We’re reading another nonfiction read as the beginning of school comes closer. For history buffs, parents, or just educators looking to review some fun material before the school year starts, Smithsonian and DK’s new book Timelines of Everything is an excellent read.

The Summary: History is ever changing and there is never a loss of things to talk about. From the beginning of ancient history to the reformations and revolutions that changed the modern world as we know it, this comprehensive read does its best to cover a lot in a little bit of space. With its unique layout, this book is a feast for the eyes. The read is crafted with different time periods in mind as it uses “newspaper clippings”, infograph-like spreads, and notable art/photography pieces to set the proper mood for each time period. Whether this book ends up being a centerpiece for your educational purposes, this is still a read worth handing to your child just for a read through.

My Thoughts: As I’ve mentioned numerous times, I’m a history buff and am always interested to see what kind of reads being provided for children these days. Smithsonian and DK do an admirable job with this excellently designed book which manages to cover some of the most impactful events in all of history. This is not the most detailed read; you won’t find any astounding historical facts that you haven’t heard of here, but it’s a great introduction for readers just getting to higher levels of reading.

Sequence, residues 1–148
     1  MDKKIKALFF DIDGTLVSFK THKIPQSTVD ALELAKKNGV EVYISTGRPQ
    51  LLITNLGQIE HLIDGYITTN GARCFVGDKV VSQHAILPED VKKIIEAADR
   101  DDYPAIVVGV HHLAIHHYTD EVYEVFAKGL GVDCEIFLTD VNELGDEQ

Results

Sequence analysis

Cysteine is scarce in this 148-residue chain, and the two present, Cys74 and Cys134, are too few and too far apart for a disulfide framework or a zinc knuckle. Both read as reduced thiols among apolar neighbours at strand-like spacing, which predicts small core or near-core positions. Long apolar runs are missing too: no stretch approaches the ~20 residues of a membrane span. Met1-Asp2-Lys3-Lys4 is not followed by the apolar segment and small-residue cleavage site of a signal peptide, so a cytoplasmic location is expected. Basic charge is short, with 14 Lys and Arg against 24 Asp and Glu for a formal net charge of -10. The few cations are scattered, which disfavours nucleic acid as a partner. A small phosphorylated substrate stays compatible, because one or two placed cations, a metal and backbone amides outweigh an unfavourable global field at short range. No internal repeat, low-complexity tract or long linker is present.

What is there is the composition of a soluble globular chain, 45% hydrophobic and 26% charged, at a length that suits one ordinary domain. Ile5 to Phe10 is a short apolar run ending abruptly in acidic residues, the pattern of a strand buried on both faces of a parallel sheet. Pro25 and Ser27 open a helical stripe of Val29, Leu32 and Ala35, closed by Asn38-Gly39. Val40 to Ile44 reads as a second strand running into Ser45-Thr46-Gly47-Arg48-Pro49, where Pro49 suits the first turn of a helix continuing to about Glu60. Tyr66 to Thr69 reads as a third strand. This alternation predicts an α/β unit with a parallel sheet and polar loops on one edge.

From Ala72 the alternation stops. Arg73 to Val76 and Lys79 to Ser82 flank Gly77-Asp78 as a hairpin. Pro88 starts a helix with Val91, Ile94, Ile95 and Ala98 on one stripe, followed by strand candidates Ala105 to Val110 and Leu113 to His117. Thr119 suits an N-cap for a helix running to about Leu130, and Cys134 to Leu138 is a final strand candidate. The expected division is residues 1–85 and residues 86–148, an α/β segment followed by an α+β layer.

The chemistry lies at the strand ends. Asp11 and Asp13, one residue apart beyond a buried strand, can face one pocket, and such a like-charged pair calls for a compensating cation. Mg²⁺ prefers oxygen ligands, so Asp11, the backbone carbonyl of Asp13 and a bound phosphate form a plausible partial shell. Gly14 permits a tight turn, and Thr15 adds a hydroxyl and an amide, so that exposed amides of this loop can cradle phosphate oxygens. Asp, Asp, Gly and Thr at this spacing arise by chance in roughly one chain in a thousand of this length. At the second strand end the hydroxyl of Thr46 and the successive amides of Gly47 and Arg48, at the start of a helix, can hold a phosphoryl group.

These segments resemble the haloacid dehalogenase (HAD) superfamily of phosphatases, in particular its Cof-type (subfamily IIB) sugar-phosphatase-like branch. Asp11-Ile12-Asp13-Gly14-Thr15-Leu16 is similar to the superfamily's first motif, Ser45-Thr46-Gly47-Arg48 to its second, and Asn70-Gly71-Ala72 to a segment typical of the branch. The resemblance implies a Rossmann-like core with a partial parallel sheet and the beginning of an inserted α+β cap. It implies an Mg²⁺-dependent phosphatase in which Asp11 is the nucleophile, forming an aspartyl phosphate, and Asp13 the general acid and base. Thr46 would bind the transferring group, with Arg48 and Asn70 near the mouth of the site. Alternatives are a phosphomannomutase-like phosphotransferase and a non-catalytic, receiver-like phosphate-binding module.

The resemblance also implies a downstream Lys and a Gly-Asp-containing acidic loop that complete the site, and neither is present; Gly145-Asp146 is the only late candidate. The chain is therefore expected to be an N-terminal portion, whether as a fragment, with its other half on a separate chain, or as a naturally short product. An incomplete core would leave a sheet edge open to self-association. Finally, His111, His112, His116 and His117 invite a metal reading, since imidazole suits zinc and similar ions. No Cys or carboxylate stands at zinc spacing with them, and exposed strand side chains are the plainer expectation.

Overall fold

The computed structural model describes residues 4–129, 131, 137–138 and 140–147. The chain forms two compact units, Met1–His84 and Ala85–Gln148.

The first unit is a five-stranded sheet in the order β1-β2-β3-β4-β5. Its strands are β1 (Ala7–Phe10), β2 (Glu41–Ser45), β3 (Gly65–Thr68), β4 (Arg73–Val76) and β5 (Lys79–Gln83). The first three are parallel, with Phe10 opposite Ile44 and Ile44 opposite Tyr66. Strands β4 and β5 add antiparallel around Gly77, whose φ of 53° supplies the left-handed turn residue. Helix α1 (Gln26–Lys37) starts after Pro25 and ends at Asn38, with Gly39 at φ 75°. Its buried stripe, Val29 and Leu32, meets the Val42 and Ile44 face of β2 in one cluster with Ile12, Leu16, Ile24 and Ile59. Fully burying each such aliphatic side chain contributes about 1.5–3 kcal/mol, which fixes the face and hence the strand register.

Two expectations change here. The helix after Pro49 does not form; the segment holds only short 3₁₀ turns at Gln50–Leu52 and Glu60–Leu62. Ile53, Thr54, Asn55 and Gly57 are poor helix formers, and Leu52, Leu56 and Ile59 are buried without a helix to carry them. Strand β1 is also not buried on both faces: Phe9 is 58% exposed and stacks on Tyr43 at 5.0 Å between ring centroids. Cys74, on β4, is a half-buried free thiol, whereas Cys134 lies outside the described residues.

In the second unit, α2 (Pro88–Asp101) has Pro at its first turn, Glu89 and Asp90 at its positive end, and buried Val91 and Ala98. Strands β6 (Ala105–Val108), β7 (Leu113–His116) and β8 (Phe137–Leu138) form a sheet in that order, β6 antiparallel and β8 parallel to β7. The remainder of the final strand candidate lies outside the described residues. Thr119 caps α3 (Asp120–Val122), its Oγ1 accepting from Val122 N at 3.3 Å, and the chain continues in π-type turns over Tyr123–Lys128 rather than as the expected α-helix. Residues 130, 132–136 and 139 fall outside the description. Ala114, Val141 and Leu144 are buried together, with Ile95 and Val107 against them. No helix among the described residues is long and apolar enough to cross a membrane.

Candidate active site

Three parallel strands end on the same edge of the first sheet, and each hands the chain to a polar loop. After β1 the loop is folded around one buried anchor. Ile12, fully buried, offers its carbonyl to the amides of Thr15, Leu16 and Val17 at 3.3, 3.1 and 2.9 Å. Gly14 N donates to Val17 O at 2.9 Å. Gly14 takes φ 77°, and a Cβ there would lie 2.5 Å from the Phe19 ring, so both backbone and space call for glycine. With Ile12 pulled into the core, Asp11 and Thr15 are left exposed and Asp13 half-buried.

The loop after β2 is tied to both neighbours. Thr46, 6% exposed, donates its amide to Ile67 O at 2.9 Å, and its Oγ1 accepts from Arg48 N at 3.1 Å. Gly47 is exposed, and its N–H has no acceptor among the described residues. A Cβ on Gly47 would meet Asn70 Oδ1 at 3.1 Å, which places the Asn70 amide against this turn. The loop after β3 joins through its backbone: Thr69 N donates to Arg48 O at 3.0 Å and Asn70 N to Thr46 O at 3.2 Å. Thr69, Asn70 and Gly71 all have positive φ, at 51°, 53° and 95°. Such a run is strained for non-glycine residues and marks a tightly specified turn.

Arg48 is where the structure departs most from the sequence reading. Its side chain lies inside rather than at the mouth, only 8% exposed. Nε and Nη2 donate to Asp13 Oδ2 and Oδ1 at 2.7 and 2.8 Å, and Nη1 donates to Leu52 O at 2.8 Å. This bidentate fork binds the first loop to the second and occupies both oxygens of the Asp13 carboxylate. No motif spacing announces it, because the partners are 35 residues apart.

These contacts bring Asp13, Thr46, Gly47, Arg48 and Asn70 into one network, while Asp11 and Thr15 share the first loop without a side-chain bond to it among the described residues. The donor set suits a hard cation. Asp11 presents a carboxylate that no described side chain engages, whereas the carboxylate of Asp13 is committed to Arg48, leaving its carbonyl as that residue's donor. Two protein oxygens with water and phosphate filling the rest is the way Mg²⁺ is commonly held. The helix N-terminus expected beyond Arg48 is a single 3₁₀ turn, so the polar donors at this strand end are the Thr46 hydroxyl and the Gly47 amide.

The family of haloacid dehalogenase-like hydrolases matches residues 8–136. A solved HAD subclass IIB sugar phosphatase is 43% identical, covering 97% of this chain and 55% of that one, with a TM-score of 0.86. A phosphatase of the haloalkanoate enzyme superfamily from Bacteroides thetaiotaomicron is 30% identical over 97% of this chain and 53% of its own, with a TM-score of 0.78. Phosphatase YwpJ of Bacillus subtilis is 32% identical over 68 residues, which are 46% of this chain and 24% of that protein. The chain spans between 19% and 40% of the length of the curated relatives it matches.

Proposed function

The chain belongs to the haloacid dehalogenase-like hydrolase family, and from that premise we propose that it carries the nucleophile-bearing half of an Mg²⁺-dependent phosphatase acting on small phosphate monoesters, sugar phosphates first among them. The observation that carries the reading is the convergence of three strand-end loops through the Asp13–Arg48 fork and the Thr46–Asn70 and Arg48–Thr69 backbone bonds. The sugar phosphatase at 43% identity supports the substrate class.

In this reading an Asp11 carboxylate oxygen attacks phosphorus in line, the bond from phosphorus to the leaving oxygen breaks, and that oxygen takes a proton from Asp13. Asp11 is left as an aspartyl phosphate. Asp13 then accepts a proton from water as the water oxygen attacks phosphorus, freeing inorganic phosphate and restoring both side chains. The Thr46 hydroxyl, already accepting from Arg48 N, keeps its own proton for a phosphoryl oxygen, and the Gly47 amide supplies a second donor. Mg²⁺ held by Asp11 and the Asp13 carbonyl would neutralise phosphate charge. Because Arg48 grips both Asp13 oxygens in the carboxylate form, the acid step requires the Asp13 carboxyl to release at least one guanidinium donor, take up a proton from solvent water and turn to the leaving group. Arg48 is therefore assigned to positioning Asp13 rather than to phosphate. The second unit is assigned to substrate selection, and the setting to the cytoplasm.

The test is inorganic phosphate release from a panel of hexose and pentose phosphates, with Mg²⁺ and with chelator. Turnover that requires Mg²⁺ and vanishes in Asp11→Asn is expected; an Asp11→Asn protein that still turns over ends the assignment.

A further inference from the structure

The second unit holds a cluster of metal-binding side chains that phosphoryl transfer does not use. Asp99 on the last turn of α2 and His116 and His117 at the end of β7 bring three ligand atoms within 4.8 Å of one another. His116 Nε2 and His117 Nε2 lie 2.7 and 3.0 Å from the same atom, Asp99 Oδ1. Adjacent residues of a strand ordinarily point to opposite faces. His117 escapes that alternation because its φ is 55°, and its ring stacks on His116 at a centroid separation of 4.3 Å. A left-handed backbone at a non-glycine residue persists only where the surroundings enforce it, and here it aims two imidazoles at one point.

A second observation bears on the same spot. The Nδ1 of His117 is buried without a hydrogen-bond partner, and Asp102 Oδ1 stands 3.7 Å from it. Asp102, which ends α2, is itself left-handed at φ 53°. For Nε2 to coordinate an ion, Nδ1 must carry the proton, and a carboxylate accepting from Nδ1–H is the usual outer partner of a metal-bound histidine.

Parental Advisories: The book does cover the theory of Big Bang and present it as fact so for parents who believe in a Creationist worldview, this book may be a great starting point for some meaningful conversations with children. There is also made mention of different kinds of social change, some of which may not always be considered good by parents of all different kinds. I think this is a book that could spark some great conversation with your kids. Otherwise, I highly recommend this read!

Posted in Kid's Lit, Kids Nonfic | Tagged , , , , , , , , , , , , , , , , | 1 Comment

Seeing Stars